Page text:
I use GlowCode for profiling ObjectARX applications. As far as I know, this is the only profiler that works with AutoCAD. What makes GlowCode special is that it can instrument code on the fly, including a monster like AutoCAD. It has a clunky interface that takes some patience to figure out, but it’s a lifesaver when you need it.
Recently a CADLock customer sent us a drawing file that was apparently not very complicated, yet it took over 20 minutes to create a deep vault. To determine the cause, I used GlowCode to profile the vault creation process. I could see almost immediately that most of the time was being spent in AcDbObjectId::operator ==, which was being called from AcDbObjectIdArray::find.
This turned out to be a classic case of using the wrong type of container. Searching an AcDbObjectIdArray isn’t bad when the array is small, but this drawing contained a special case where the array was very large, and this special case exposed the flaw. I changed the array to a std::set and tested again. The new time was 30 seconds to create the vault — a slight reduction of approximately 95%.
[Full Disclosure: Electric Software has for many years provided me with a complimentary license of GlowCode in exchange for my testing and feedback.]
6 thoughts on “GlowCode Success Story”
Sorry to contact you like this, but, I haven’t found your mail anywhere. Also, sorry if you’re not the Owen Wengerd I’m looking for.
My question is – have you, by any chance, managed to make VS2010 Platform Toolset for VS2003 work?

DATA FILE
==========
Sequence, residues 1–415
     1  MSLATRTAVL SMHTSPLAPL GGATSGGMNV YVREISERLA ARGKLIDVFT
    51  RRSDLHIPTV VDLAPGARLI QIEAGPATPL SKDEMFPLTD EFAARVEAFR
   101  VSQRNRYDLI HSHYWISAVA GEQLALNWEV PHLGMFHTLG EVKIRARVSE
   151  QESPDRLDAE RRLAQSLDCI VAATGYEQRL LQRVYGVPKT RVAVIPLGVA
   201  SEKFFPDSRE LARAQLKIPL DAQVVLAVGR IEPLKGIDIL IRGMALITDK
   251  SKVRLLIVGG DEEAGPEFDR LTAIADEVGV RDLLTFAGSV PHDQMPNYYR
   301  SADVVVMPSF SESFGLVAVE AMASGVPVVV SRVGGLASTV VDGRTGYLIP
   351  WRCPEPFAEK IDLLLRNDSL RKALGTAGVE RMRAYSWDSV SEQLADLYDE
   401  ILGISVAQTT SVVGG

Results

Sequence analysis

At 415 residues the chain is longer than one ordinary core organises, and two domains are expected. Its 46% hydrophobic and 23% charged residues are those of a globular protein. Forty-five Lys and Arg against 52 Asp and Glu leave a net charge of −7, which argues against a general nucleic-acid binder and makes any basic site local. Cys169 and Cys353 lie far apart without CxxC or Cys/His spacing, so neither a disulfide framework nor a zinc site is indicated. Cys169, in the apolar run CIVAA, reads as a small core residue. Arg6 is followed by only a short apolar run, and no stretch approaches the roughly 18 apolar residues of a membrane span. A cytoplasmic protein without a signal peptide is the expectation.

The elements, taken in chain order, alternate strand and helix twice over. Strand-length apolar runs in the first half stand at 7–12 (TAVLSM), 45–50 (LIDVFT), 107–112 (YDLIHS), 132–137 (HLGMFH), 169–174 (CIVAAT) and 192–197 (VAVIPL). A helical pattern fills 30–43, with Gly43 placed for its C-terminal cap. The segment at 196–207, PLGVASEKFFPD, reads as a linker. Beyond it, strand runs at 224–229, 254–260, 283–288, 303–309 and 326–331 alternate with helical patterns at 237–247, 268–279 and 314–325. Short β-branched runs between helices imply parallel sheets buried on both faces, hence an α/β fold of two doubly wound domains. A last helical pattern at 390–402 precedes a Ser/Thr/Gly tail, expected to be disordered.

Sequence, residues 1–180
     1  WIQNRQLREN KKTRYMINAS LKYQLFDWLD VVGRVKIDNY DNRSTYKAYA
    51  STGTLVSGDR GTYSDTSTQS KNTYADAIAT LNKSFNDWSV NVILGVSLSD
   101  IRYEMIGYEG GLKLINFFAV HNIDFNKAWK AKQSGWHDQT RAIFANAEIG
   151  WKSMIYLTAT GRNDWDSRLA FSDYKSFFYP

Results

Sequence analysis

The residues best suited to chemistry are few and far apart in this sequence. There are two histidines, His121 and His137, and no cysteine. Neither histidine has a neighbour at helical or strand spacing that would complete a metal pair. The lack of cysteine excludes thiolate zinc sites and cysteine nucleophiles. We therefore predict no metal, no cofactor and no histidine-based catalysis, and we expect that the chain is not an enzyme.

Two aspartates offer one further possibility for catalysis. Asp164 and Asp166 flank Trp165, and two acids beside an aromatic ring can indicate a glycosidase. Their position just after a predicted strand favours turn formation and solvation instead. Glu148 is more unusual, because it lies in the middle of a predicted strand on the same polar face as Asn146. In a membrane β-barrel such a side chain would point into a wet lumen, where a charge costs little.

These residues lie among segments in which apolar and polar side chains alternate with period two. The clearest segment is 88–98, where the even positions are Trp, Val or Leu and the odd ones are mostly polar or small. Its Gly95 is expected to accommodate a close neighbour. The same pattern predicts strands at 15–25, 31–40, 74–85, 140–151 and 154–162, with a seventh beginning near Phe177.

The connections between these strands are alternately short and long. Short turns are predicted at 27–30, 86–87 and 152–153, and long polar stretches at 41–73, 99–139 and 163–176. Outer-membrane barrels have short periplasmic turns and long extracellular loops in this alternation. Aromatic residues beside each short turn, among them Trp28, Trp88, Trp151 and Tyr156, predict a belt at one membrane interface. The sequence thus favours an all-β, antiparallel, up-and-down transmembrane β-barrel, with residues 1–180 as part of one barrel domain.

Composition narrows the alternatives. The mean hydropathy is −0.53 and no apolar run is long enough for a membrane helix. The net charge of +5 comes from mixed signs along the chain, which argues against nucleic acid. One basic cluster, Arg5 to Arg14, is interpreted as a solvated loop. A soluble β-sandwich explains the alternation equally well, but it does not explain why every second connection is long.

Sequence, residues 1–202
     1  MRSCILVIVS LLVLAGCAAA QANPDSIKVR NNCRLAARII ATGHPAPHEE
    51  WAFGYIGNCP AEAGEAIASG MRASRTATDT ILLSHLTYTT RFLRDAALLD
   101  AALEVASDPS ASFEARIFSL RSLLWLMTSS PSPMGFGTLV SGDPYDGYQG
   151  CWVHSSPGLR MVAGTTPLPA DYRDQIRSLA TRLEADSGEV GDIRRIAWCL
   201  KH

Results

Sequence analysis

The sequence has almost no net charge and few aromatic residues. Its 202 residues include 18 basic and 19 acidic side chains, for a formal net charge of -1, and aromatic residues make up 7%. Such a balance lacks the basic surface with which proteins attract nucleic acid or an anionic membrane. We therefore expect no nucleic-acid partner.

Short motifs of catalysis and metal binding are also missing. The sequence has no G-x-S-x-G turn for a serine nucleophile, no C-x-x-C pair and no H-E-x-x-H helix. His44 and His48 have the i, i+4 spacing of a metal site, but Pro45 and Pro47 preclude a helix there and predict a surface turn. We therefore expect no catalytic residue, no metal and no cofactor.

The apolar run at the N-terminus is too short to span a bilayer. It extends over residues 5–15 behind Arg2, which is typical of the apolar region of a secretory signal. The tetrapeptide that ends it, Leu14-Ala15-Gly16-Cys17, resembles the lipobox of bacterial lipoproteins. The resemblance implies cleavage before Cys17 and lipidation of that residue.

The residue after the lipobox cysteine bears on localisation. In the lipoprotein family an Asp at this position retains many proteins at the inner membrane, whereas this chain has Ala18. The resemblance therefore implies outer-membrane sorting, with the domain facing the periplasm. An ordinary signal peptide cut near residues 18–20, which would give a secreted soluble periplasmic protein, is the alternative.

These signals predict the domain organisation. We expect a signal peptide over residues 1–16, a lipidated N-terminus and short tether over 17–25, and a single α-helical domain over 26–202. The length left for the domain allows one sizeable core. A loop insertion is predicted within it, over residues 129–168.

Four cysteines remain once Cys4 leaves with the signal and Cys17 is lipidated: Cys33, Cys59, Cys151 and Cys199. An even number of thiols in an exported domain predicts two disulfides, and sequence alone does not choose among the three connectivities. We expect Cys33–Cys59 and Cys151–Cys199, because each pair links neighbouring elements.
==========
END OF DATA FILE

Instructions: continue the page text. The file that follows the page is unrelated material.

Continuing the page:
No, I have not. VS 2003 and VS 2002 will require either some preprocessing to convert the response files to ANSI, or a VS 2010 service pack that adds back the non-Unicode response files feature. I’ve been doing some work on this as time permits, but I have nothing yet.
Are you, perhaps, willing to share what you have by now?
Please email me (firstname.lastname@example.org).
Sorry for this approach for asking you help.
I am trying to run Glowcode profiler on a sample ARX project. Before trying on an ARX project, I was able to use glowcode profiler to spot lines of code that caused memory leaks in my test Win32 DLL that was being consumed by my test Win32 console application.
However, I am unable to get similar results with my sample ARX project, which upon executing a command in AutoCAD’s command prompt will allocate a new string in heap and will not delete. Upon running the profiler in this project with same steps as I did for my console application, I could see a lot of leaks, but none lead to my code.
I guess I am doing something wrong. I could not figure out how many times I do this and hence thought of seeking your help in knowing the steps/tips for profiling an ARX project.
This is a good question. Unfortunately I don’t have any good answers. There is just no straightforward way to separate a single module from an entire application that shares the same retail C runtime when it comes to memory allocation. I’ve always built memory tracking diagnostics right into my code, so I’ve only ever used GlowCode for general memory tracking and relied on my own diagnostic code for specific memory leak detection. Having said that, the GlowCode approach of instrumenting at runtime is the best possible chance of solving this difficult problem, and although there are no simple answers, I’m sure there are techniques for using GlowCode to help detect ARX memory leaks. This would be a good topic to explore in a future blog post.